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Blink LED with Arduino – say Hello World

Blink LED with Arduino – say Hello World

When we learn a new programming language in computer science (say C, PHP or Java), we begin the learning curve with the classic “Hello World” program. We learn some essential keywords used in the programming language, then we learn the structure of the language and finally we begin to play with the language by making it display the two words “hello world” in our computer screen. So that’s how we begin to learn a programming language used to build computer applications. Our world of embedded systems is a little different. We create software to control hardware. In our world, we begin our learning curve by saying “hello world” using an LED. Our way of “hello world” is blinking an LED using the micro controller under study.

In this article, we are going to blink an LED using our arduino board. I will be using an Arduino Uno board to demonstrate the whole process. Before going deep, if you are very new to arduino, I suggest you read the following articles.

What is Arduino – for Beginners is a great article to begin with. It explains arduino to a naive person. You will learn the basics needed from this article.

2. The Arduino Hardware and Software – explains the different arduino boards, different micro controllers used in them, tells in detail about the software IDE and a little bit about programming language as well.

The History and Story behind Arduino If you are interested in knowing about the history behind development of Arduino board.

Now lets begin playing with our LED adventure. You need an arduino board, an LED, a resistor and a breadboard. Once you have these components in hand, you need to install the Arduino IDE (Integrated Development Environment) on your computer. In addition, you need to setup and configure your Arduino board in your computer (by installing the device driver).

Blink LED with Arduino

Open the arduino IDE and write the following program to blink an LED. I have written the classic LED blinking example provided in the book Getting Started with Arduino. You may see the screenshot below. After writing the program you may save it with a file name of your choice (find File–>Save on menu bar of IDE)

 
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Now we have to load the program from the PC to our arduino board. To do this perfectly, you have to ensure the following steps.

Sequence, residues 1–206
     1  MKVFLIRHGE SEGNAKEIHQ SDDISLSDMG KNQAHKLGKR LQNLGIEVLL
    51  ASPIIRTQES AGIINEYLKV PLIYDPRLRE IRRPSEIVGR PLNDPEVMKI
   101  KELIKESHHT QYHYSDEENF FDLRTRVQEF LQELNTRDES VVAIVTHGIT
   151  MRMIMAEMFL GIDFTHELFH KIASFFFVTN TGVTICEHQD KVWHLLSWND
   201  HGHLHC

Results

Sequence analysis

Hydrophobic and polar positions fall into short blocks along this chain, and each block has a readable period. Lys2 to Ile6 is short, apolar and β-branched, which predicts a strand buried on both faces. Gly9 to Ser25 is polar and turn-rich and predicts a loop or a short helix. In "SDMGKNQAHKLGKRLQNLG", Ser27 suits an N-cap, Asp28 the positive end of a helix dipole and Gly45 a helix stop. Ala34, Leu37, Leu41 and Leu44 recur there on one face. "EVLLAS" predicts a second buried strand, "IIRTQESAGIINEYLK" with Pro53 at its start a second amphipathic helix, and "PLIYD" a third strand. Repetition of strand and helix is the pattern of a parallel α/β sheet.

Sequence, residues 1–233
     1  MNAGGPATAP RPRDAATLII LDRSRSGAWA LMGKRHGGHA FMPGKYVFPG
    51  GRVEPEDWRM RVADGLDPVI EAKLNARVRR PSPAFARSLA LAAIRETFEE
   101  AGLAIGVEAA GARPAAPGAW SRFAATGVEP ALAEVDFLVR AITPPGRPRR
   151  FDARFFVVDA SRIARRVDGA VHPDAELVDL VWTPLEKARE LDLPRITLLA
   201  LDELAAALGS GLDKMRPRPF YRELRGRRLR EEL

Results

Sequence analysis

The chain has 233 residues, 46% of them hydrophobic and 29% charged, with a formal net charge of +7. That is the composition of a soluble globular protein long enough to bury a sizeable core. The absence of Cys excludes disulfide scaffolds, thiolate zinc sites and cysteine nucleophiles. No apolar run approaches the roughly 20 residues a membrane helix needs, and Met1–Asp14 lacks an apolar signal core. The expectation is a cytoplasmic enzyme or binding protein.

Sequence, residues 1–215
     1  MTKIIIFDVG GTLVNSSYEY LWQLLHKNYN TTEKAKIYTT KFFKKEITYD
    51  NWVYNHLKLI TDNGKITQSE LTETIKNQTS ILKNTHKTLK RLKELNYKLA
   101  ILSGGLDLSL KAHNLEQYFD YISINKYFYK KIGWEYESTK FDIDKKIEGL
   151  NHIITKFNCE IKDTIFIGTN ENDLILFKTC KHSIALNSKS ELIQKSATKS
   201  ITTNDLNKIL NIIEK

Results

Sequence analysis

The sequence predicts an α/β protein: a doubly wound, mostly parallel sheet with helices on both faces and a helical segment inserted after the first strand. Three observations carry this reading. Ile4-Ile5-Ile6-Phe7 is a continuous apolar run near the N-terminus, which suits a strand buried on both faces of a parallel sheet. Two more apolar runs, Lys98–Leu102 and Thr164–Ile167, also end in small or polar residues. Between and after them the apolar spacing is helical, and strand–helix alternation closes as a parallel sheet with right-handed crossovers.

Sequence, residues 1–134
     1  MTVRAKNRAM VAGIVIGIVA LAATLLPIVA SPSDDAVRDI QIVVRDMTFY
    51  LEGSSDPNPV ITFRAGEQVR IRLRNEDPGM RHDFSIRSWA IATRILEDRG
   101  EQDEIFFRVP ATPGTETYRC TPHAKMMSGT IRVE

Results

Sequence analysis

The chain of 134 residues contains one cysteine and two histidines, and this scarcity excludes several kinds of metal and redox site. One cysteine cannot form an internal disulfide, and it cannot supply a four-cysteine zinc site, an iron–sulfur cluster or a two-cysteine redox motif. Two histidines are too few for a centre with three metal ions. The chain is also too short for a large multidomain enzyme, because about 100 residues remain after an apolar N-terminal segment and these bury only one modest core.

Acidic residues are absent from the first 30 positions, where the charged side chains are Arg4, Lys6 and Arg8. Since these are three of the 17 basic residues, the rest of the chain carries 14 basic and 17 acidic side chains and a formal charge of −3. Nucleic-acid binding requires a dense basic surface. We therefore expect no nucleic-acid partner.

STEP 1 – Selecting the board

You have to select the arduino board type in your IDE. I am using an Arduino Uno board. To choose the board, find Tools on menu bar. Choose the option “Board” – and select your correct arduino board. I have chosen arduino uno. See the screenshot.

 
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STEP 2 – Select the right port

The port number is assigned while installing the hardware driver of board. You may refer the tutorial on Installing Arduino on Windows to know how to find the port number of board. You can find the port number by accessing device manager on Windows. See the section Port (COM & LPT) and look for an open port named “Arduino Uno (COMxx)“. If you are using a different board, you will find a name accordingly. What matters is the xx in COMxx part. In my case, its COM5. So my port number is 5. To select the right port, go to Tools–> Serial Port and select the port number. Refer screenshot below.

 
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Now everything is ready. Your arduino board is ready to communicate with your PC and vice versa. Instructions will be send to arduino board from your PC. Now lets see how to do that. There are two steps involved in loading the program from your PC to arduino board via the arduino IDE. First step is compiling and second step is called burning. Let’s see in detail.

STEP 1:- Compiling - This is the process of converting the code you have just written in arduino IDE to another form which is only understood by the micro controller in your arduino board. In our example, we use arduino uno board. It is made using Avr micro controller (Atmega328). In the arduino IDE, compiling is called as “verify“. So hit the verify button in your IDE (see the button with tick mark just below menu bar). Refer the screenshot given below as well. When you hit the verify button, the program you have written in arduino IDE will be compiled for any errors and then converted to another form that Avr Atmega328 understands. You may refer our article on the Arduino Software and Hardware to know in detail about the language used in arduino.

 
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STEP 2:- Burning – Embedded designers use the word “burning” to refer to uploading a program to any micro controller. So in this step, we are going to upload the verified program in arduino IDE to the arduino board. To do this, press the “upload” button (see the button with right arrow mark). A click on the “upload” button will begin the process of burning the compiled program to Avr micro controller on your arduino board. Depending on the size of your program, this will take a little time. If you look on your arduino board, you can see the 2 LED’s near Tx and Rx blinking. This is an indication of successful communication between your PC and arduino board. If the program has been uploaded successfully, you will see a message like “Done Uploading“. If the uploading process was not successful, you will see an error message accordingly. Refer the screenshot given below.

 
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